FAYETTEVILLE, AR – APRIL 21: Athletic Director Jeff Long of the Arkansas Razorbacks talks to former players on the sidelines during the Spring Game at Donald W. Reynolds Stadium on April 21, 2012 in Fayetteville, Arkansas. (Photo by Wesley Hitt/Getty Images)

The middle of November is when the coaching carousel starts to get going in college football, and the end of the line may be in sight for Arkansas head coach Bret Bielema. With the Razorbacks falling to 4-6 after last weekend’s road loss at LSU, the pressure was rising on Arkansas to make a significant change.

On Monday, Arkansas made quite the significant change, although it was not the one Arkansas fans may have been expecting. Instead of Bielema being let go, it was Athletic Director Jeff Long being shown the door.

This news comes just a couple of days after it was reported that no decision was made on the status of Long or Bielema at a closed board meeting. With that being the case, it was seen as a possibility no changes would be made until the end of the season. And if one was likely to go first, the head coach seemed to be more vulnerable.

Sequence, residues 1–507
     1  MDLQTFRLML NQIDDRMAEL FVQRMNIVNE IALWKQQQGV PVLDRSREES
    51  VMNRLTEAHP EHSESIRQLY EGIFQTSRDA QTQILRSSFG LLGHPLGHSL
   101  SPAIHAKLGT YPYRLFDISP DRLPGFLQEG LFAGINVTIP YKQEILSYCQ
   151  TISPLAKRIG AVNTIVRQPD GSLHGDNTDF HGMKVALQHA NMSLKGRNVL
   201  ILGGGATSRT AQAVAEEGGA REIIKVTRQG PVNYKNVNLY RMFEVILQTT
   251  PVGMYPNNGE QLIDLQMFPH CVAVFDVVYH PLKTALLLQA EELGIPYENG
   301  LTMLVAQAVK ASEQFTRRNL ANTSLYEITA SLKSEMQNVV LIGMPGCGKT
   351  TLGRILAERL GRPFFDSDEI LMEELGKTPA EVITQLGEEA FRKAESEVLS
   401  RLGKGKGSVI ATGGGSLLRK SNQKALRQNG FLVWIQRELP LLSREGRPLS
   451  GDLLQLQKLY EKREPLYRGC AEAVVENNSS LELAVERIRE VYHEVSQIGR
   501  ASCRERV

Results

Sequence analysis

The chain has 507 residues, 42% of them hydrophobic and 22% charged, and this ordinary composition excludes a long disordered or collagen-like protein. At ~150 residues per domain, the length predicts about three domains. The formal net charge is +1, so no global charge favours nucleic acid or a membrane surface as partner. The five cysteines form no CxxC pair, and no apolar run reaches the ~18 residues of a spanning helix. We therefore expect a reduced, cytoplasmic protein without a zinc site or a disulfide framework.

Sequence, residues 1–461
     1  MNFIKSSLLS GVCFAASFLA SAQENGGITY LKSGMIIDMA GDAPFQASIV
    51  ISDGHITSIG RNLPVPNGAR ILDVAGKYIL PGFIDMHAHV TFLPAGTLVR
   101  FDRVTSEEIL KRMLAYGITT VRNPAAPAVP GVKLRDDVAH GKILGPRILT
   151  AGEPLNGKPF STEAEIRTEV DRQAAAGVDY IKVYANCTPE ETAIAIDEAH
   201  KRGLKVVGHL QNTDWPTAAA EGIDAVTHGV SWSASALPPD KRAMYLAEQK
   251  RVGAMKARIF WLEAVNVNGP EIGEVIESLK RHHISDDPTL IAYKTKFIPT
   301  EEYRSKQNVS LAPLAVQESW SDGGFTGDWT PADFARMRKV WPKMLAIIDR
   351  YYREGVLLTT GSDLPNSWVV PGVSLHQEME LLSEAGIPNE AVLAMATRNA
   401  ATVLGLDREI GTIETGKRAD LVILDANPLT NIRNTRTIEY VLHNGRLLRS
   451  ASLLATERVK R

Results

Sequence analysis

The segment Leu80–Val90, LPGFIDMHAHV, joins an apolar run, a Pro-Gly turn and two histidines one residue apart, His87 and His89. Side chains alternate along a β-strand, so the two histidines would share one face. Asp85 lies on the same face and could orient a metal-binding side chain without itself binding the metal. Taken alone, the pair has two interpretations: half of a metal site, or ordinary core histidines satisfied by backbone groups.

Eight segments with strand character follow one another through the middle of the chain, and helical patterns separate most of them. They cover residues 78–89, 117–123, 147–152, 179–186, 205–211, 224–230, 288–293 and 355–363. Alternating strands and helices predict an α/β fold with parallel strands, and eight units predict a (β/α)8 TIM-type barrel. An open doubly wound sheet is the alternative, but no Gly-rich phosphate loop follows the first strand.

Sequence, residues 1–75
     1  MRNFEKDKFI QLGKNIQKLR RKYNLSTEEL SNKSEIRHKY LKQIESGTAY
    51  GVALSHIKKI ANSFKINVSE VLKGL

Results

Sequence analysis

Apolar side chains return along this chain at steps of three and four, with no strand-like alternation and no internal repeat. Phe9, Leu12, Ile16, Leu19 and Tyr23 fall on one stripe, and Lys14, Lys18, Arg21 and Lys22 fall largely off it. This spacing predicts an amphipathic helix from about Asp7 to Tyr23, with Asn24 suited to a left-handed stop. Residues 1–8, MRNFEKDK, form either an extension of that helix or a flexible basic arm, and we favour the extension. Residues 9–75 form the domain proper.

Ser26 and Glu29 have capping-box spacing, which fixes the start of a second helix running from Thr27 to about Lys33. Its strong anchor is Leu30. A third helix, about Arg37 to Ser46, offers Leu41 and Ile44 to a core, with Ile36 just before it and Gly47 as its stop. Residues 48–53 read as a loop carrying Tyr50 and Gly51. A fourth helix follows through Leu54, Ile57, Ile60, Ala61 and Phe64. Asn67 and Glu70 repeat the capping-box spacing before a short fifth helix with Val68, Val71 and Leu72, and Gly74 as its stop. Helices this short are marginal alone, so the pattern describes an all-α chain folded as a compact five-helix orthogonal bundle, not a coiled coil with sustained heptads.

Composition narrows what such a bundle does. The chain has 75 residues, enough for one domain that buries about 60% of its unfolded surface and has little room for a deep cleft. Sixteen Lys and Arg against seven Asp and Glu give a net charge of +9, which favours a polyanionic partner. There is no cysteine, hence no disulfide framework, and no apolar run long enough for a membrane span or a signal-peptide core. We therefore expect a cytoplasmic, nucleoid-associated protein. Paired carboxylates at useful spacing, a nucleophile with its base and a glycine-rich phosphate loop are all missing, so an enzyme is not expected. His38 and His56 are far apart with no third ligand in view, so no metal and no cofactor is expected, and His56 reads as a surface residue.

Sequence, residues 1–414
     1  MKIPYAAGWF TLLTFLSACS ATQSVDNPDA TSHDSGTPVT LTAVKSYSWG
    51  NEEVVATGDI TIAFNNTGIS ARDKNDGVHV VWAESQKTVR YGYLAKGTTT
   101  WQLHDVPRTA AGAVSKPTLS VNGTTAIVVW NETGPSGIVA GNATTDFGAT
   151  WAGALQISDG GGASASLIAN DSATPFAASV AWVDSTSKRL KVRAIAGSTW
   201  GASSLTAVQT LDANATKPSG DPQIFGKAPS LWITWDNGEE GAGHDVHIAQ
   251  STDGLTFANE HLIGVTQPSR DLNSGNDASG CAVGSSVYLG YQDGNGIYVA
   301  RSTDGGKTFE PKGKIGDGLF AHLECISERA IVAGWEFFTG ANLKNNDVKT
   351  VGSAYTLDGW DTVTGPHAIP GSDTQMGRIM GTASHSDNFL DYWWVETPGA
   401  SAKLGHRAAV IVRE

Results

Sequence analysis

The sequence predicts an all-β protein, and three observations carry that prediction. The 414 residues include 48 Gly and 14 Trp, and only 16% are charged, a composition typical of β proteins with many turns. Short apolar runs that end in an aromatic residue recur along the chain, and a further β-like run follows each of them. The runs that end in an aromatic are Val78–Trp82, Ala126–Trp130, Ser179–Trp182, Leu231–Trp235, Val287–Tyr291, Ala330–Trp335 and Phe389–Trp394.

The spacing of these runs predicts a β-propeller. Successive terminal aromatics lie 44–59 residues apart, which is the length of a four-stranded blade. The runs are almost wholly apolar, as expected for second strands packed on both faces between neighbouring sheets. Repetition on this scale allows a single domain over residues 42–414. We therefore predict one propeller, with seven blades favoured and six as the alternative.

To those on the outside looking in, this decision is pretty puzzling. Long had established a reputation for being well-respected in collegiate athletics. Viewed as one of the better athletic directors in the nation, Long was selected to be a representative on the College Football Playoff selection committee and he was named the chairman of the selection committee in its first seasons. That is the level of respect Long had going for him, yet he struggled to command that same level of respect from within.

Long’s undoing may have been his devotion to Bielema when the pressure continued to rise on the head coach. But Long may have fallen out of the good graces of fans even before bringing Bielema in from Wisconsin and the Big Ten. It all goes back to Bobby Petrino and his infamous motorcycle-riding affair with a staff member.